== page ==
The saints of the last days have witnessed the outgoings and incomings of so many apostates that nothing but truth has any effect upon them. In the present instance, after the sham quotations of Sidney and his clique, from the Bible, Book of Mormon, and Doctrine and Covenants, to skulk off, under the "dreadful splendor" of "spiritual wifery," which is brought into the account as graciously as if the law of the land allowed a man a plurality of wives, is fiendish, and like the rest of Sidney's revelation, just because he wanted "to go to Pittsburg and live." Wo to the man or men who will thus wilfully lie to injure an innocent people! The law of the land and the rules of the church do not allow one man to have more than one wife alive at once, but if any man's wife die, he has a right to marry another, and to be sealed to both for eternity; to the living and the dead! there is no law of God or man against it! This is all the spiritual wife system that was ever tolerated in the church, and they know it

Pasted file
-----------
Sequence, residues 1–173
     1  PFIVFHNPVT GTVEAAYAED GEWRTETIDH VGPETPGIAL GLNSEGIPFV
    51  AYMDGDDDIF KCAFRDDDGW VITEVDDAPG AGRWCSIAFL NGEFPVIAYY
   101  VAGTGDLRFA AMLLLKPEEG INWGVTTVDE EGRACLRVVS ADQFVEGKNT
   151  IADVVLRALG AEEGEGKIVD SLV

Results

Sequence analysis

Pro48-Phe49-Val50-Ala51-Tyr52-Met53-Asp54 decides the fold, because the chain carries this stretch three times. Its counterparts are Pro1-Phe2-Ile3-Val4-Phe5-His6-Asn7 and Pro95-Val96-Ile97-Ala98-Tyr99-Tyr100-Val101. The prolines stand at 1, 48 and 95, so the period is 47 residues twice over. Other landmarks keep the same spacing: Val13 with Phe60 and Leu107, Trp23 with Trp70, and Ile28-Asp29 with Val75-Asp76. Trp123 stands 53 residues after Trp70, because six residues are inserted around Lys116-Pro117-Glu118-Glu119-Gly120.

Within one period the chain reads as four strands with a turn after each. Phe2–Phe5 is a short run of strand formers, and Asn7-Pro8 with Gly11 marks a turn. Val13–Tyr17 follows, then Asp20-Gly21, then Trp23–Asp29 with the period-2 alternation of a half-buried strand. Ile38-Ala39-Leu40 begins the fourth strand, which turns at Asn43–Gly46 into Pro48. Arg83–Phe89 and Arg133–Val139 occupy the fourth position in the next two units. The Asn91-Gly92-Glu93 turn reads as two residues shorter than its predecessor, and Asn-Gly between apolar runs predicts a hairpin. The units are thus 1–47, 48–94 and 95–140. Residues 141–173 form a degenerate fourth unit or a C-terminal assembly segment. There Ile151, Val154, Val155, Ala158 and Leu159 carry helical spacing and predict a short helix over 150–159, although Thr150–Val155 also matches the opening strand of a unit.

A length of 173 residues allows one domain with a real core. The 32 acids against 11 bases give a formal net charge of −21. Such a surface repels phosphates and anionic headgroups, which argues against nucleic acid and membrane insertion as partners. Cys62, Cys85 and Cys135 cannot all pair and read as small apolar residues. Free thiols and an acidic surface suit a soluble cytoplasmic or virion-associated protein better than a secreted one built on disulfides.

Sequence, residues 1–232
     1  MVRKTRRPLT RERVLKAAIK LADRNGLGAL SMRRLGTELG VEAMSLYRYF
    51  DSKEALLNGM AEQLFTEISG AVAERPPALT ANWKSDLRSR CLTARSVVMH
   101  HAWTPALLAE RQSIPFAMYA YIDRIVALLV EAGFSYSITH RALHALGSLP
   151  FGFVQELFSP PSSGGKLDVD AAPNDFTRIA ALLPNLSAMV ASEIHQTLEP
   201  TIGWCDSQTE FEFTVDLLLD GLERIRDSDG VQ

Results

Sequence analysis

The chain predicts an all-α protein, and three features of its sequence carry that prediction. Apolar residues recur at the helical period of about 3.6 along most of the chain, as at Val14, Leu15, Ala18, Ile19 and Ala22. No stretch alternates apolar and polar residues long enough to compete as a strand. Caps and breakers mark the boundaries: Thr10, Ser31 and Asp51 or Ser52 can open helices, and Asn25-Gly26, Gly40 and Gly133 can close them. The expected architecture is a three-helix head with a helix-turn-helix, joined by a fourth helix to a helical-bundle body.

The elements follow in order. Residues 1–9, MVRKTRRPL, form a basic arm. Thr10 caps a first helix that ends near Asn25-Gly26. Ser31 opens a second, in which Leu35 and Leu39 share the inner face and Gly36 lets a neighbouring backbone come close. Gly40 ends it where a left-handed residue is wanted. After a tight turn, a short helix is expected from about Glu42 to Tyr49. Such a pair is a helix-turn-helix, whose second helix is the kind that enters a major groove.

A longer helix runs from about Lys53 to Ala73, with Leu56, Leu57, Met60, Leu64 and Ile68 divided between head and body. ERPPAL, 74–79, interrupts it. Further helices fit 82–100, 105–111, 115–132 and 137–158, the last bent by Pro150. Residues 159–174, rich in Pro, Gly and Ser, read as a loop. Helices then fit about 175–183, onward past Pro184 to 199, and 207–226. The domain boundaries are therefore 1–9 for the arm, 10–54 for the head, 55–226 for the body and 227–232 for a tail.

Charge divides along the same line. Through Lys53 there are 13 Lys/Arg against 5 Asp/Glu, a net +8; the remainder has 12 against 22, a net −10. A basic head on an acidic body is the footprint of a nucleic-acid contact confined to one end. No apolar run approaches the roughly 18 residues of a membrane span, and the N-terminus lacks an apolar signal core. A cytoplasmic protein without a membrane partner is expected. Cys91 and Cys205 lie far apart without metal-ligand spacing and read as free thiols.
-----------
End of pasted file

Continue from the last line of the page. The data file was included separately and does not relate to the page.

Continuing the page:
Scribe could teach him how a drama's plot should be structured ina logically motivated progression of scenes. Hebbel provided him with anexample of the way drama could be based on life's contemporary dialectics,creating a modern conceptual drama. Hebbel's pioneering work was his conveyanceof the ideologicalconflicts of his day into the theater where he created"a drama of issues" pointing forward. He also knew how the Greektragedy's retrospective technique could be used by a modern dramatist.